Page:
Update Jan. 30: Our Annual Appeal is at an end. Thank you so much to everyone who donated. We raised 36% of our goal: over $18,000! We can now cover the costs of 52 weeks of pottery analysis, the analysis of 100 coins, and 30 weeks each of drawing special finds and analyzing stone vessels and tools! This is a great way to start 2017 and we could not have done it without you. Thank you.
The story of the Temple Mount is the story of Jerusalem itself. A holy site to the three largest monotheistic religions, it is one of the most concentrated archaeological sites in the world, yet due to religious and political concerns, it has never been properly excavated.
In 1999, the Northern Branch of the Islamic Movement conducted illegal renovations on the Temple Mount and disposed over 9,000 tons of dirt mixed with invaluable archaeological artifacts into a makeshift garbage dump in the Kidron Valley. Innumerable artifacts were destroyed or lost, veritable treasures that would have provided a rare glimpse of the region’s rich history. In 2004, The Temple Mount Sifting Project was born under the direction of archaeologists Dr. Gabriel Barakay and Zachi Dvira in order to sift through this neglected earth and to find, preserve, and research the artifacts dating to every time period of the Temple Mount’s rich history. These artifacts represent the first-ever archaeological data originating from below the Temple Mount’s surface.
Over the past 12 years, we at the Sifting Project have worked intensively to give unprecedented access to the archaeology of the Temple Mount. With the help of over 200,000 volunteers from all over the world, we have grown into a project of international significance and discovered over 500,000 important finds originating from the Temple Mount. These artifacts enrich the discussion on Jerusalem’s past. Yet, there is much work left to be done if we want to unearth the site’s full story and share it with the world.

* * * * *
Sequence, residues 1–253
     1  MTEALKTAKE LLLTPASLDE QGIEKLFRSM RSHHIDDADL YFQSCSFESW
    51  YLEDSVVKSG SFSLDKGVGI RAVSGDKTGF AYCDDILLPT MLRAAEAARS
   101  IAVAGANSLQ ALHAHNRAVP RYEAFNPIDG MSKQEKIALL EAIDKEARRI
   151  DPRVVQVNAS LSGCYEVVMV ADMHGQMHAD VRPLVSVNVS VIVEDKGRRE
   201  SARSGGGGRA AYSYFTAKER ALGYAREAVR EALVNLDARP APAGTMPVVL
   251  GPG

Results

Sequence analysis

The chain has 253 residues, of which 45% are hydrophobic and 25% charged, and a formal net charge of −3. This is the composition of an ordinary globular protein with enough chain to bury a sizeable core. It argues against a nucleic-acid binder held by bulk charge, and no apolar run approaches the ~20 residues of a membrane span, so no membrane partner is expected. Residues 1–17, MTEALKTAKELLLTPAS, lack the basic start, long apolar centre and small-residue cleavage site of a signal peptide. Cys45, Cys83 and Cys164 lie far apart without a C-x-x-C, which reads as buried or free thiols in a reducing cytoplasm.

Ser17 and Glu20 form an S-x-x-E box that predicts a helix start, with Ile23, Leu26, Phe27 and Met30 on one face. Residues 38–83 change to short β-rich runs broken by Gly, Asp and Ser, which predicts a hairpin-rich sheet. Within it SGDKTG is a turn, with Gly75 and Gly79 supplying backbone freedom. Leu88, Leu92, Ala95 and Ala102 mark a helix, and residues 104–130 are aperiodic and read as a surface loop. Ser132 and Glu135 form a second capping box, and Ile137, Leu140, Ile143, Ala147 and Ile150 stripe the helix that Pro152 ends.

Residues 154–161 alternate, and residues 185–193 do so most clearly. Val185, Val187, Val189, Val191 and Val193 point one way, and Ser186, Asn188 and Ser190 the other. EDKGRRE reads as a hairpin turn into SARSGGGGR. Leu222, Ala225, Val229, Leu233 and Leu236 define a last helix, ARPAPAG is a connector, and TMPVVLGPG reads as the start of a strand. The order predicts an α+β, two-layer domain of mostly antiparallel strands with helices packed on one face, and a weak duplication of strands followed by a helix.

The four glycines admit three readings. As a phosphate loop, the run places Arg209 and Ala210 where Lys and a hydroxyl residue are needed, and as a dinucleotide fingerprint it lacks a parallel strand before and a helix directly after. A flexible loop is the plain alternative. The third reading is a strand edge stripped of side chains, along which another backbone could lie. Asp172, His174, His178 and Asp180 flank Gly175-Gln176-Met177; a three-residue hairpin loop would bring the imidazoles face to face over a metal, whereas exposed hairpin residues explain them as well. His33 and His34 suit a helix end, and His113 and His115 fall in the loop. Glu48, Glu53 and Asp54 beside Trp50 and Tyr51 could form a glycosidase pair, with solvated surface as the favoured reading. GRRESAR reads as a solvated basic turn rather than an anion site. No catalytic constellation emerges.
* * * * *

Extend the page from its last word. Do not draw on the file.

Our mission is to publish at least 3 volumes of our research on the Temple Mount’s history, special finds, coins, and pottery in 2018. Without being able to publish, it will be as if our 500,000 artifacts had never been found.
Lack of access to the Temple Mount breeds ignorance and misinformation about its history and compounds the controversies surrounding it. Our research has the ability to challenge theories, clarify understandings, and present the factual data about the Temple Mount. Our scientific research can undermine the Temple Denial Movement; but only if it is shared with the scientific community and the public and we encourage educated discussion on the history of the Temple Mount.
We have launched this Annual Appeal to ensure that we have the capability of continuing our important research. We need to cover costs like cataloguing finds, completing the core research for our planned publication, and doing advanced statistical analysis to better understand the context of our artifacts. Our current goal is to fully fund our current research on special finds, coins, and pottery so that we can stay on track for our publication deadline in 2018. With your help, we can enter 2017 knowing that our focus can remain on our research and not on ways to raise money or cut the budget to keep the lights on.
Here is your chance to take part in revealing Jerusalem’s ancient past.
Join Us and Donate Now!
Help Preserve the History of the Temple Mount.
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For thousands of years, the Temple Mount has been an important and sacred site for three of the world’s monotheistic faiths: Judaism, Christianity, and Islam. It is the “place where heaven and earth meet, an epicenter of religious and national life” (Isaiah 2: 2-4).
However, despite its prevalence in religious life, much of its past remains a mystery. This is because no archaeological excavation has ever taken place on the site due to political concerns. The absence of archaeological data has resulted in many unresolved and hotly debated historical questions. Although most scholars (including Muslim scholars) assert that the Jewish Temples were located on this site, Palestinian and Muslim leaders have begun denying their existence here. This claim was then supported in the recent UNESCO resolution in October 2016. See our response to this resolution here.